Thursday, 15 July 2010
Qatar’s QE Index slipped 0.8 percent to 6,963.53, paring its gain for the week to 0.8 percent. Qatar Islamic Bank, the Gulf state’s biggest lender complying with Islamic finance rules, retreated 3.7 percent as earnings fell short of analyst estimates. Commercial Bank of Qatar slid the most since July 1. The Bloomberg GCC 200 Index lost 0.2 percent, while Dubai’s DFM General Index advanced 1 percent to 1,520.2, the highest level this month.
“On the downside, Gulf markets are highly correlated with global markets,” said Vyas Jayabhanu, head of Al Dhafra Financial Brokerage LLC in Abu Dhabi. “Investors are waiting for more second-quarter earnings.”
Proponents of the “invisible hand” theory coined by Adam Smith will respond with a screaming “Yes” to the notion that the market issues will eventually resolve themselves. I was reading Al-Qabas daily today when I stumbled upon another proponent of the invisible hand theory; It isn’t Milton Friedman, but our Deputy Prime Minister for Financial Affairs. He too proposes that the Kuwait Stock Exchange cleanse itself. I personally oppose such a stance not only because my nickname is Keynesian and I advocate a more prominent government role especially in a market failure situation, but also because I believe our stock market doesn’t have the necessary structural elements to cleanse itself. For example, there are no bankruptcy laws and we don’t have a Capital Market Authority yet.
Iran is considering switching to the United Arab Emirates’ dirham from the euro for its oil sales to Europe to limit the impact of new sanctions, International Oil Daily reported, citing two unidentified industry executives.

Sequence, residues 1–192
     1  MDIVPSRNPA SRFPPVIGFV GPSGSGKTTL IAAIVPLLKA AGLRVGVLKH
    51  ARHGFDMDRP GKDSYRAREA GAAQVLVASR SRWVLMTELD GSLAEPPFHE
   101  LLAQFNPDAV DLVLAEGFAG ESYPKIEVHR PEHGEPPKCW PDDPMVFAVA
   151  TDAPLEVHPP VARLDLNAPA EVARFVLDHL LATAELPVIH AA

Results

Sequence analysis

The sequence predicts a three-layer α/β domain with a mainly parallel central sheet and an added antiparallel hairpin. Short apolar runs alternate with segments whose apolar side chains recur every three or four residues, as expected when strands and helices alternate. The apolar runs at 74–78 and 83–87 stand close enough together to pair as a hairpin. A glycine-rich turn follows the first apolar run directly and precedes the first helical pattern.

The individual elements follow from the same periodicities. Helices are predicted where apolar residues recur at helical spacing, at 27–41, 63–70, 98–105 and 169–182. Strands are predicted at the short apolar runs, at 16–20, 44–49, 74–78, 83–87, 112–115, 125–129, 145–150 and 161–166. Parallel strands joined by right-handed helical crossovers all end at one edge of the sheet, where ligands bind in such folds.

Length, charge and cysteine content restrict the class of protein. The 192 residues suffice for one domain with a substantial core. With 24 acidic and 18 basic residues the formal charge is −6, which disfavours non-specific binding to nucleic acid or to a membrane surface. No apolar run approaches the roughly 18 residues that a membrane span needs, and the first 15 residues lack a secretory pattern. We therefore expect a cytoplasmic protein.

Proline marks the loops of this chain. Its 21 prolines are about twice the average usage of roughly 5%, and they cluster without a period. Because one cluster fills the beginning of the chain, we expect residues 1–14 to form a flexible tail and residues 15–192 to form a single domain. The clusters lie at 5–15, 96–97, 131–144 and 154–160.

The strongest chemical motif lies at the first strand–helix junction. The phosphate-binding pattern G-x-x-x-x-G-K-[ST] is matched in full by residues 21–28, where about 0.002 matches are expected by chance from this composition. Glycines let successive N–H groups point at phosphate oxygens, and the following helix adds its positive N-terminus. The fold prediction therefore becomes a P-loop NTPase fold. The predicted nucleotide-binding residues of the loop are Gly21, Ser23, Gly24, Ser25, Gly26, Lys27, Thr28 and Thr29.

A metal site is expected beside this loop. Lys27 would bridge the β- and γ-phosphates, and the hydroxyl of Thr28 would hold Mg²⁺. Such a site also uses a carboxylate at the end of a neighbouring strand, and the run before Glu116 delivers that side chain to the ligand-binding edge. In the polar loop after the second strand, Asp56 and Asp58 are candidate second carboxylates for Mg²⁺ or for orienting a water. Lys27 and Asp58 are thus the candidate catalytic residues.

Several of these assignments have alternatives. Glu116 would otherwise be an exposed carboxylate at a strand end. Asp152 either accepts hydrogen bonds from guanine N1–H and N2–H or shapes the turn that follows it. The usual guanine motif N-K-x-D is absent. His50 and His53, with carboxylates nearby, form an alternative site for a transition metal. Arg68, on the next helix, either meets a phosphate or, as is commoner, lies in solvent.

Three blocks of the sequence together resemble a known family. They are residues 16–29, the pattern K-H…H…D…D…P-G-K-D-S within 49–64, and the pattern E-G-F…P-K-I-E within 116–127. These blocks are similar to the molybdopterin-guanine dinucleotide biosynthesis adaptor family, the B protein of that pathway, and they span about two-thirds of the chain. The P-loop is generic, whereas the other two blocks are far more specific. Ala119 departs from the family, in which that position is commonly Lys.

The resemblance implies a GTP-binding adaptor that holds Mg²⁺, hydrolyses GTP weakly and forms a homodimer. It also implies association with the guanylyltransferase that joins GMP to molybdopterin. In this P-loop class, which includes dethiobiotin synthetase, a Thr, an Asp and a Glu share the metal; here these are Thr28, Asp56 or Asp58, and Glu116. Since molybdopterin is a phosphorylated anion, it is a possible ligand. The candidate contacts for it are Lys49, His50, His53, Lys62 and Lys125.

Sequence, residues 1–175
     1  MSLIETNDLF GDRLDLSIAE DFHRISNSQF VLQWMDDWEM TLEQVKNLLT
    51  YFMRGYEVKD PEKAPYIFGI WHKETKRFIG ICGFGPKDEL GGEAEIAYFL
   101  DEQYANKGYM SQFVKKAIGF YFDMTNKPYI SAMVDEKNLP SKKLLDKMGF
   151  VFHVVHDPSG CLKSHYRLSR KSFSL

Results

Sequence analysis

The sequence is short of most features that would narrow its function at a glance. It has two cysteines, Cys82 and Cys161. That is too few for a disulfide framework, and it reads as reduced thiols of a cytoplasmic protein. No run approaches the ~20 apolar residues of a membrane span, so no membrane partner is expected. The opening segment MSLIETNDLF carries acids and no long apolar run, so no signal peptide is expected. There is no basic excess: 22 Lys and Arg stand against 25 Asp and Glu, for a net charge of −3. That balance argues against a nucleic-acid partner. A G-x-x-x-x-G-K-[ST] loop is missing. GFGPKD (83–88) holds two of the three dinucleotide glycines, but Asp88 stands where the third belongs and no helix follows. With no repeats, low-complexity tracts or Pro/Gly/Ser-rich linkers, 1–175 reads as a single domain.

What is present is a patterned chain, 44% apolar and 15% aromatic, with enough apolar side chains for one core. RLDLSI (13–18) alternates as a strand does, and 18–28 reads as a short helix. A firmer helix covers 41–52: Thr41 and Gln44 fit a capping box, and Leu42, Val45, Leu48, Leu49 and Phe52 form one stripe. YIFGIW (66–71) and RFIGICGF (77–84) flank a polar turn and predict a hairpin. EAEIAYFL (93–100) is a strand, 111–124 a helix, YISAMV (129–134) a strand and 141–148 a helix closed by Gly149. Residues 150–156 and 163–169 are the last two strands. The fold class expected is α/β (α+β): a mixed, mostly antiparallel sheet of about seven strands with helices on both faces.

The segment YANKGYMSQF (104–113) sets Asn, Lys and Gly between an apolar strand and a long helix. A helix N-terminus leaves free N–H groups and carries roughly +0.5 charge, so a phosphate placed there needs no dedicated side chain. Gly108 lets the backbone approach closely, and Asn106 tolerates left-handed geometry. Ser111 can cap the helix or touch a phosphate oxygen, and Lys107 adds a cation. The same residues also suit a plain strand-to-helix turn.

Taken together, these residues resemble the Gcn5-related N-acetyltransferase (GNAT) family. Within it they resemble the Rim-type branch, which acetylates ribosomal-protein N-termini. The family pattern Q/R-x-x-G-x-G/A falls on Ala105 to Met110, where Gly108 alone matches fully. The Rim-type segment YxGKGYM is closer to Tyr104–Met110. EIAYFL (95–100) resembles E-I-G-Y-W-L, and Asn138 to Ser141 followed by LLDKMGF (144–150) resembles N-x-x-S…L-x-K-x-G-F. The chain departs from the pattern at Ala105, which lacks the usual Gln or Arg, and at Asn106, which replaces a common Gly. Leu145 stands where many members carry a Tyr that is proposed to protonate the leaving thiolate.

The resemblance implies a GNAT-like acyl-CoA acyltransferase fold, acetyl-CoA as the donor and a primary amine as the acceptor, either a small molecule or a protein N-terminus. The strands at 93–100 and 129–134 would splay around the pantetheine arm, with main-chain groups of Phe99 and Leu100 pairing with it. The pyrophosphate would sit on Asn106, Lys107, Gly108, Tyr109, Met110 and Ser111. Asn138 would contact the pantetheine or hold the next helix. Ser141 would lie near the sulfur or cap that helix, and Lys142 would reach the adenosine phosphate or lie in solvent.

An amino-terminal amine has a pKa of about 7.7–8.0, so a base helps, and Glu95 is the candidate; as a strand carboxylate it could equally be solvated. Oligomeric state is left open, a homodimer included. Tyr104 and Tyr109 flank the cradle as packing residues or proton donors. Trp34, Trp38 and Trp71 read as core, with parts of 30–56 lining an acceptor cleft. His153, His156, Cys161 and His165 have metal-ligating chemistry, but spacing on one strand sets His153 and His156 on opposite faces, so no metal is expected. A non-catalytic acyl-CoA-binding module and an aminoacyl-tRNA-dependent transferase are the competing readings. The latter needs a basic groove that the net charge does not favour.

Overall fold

National Iranian Oil Co. has been communicating with European customers about the change without making a final decision, the newsletter said. The country currently prices its exports in U.S. dollars, the Oil Daily said.
Iran may not be able to persuade European customers to make the switch because of unfamiliarity with the dirham, which is pegged to the U.S. dollar, the publication said.
The Islamic bond market is showing that Dubai is regaining investor confidence after a group of creditors agreed to restructure Nakheel PJSC’s debt.
The average yield on sukuk sold by Gulf Cooperation Council borrowers fell eight basis points yesterday to 7.23 percent, according to the HSBC/NASDAQ Dubai GCC US Dollar Sukuk Index. It reached 8.76 percent on Dec. 11 after Dubai investment companies announced plans to restructure debt in November. The yield on Nakheel’s 2.75 percent $750 million fixed-rate Islamic notes due in January 2011 has fallen 17 basis points this month to 15.30 percent, according to prices compiled by Bloomberg.
Creditor banks “unanimously supported” a proposal on altering the terms on $10.5 billion of loans and unpaid bills, Nakheel, the Dubai World-owned property developer, said yesterday. The yield difference on GCC sukuk and the London interbank offered rate narrowed six basis points yesterday to 535 basis points from as wide as 647 at the end of November.
Dubai's DFSA Funds Regime revised to create more competitive financial hub - Business Intelligence Middle East - bi-me.com - News, analysis, reports
The Dubai International Financial Centre Authority (DIFCA) today welcomed a series of regulatory changes to the DIFC’s Collective Investment Funds regime (the Funds Regime).
The changes were made following recommendations made by a panel of market practitioners and implemented by the Dubai Financial Services Authority (DFSA) on 11 July 2010.
The most significant changes to the Funds Regime are accessed through title line.
Hotels Union Square Mezz 1 LLC and Hotels Union Square Mezz 2 filed a joint liquidation plan today that would wind up the bankruptcy cases relating to the W New York Union Square hotel.
The New York hotel, which features Rande Gerber’s Underbar, is operated by a unit of White Plains, New York-based Starwood Hotels & Resorts Worldwide Inc., the third-largest U.S. lodging company. Under the terms of the plan, W Hotel Management Inc. will continue to manage the hotel under its existing agreement.
Hotels Union Square Mezz 1 was put into bankruptcy in March by junior mezzanine lender LEM that took over ownership of the Manhattan luxury property in December from Dubai World.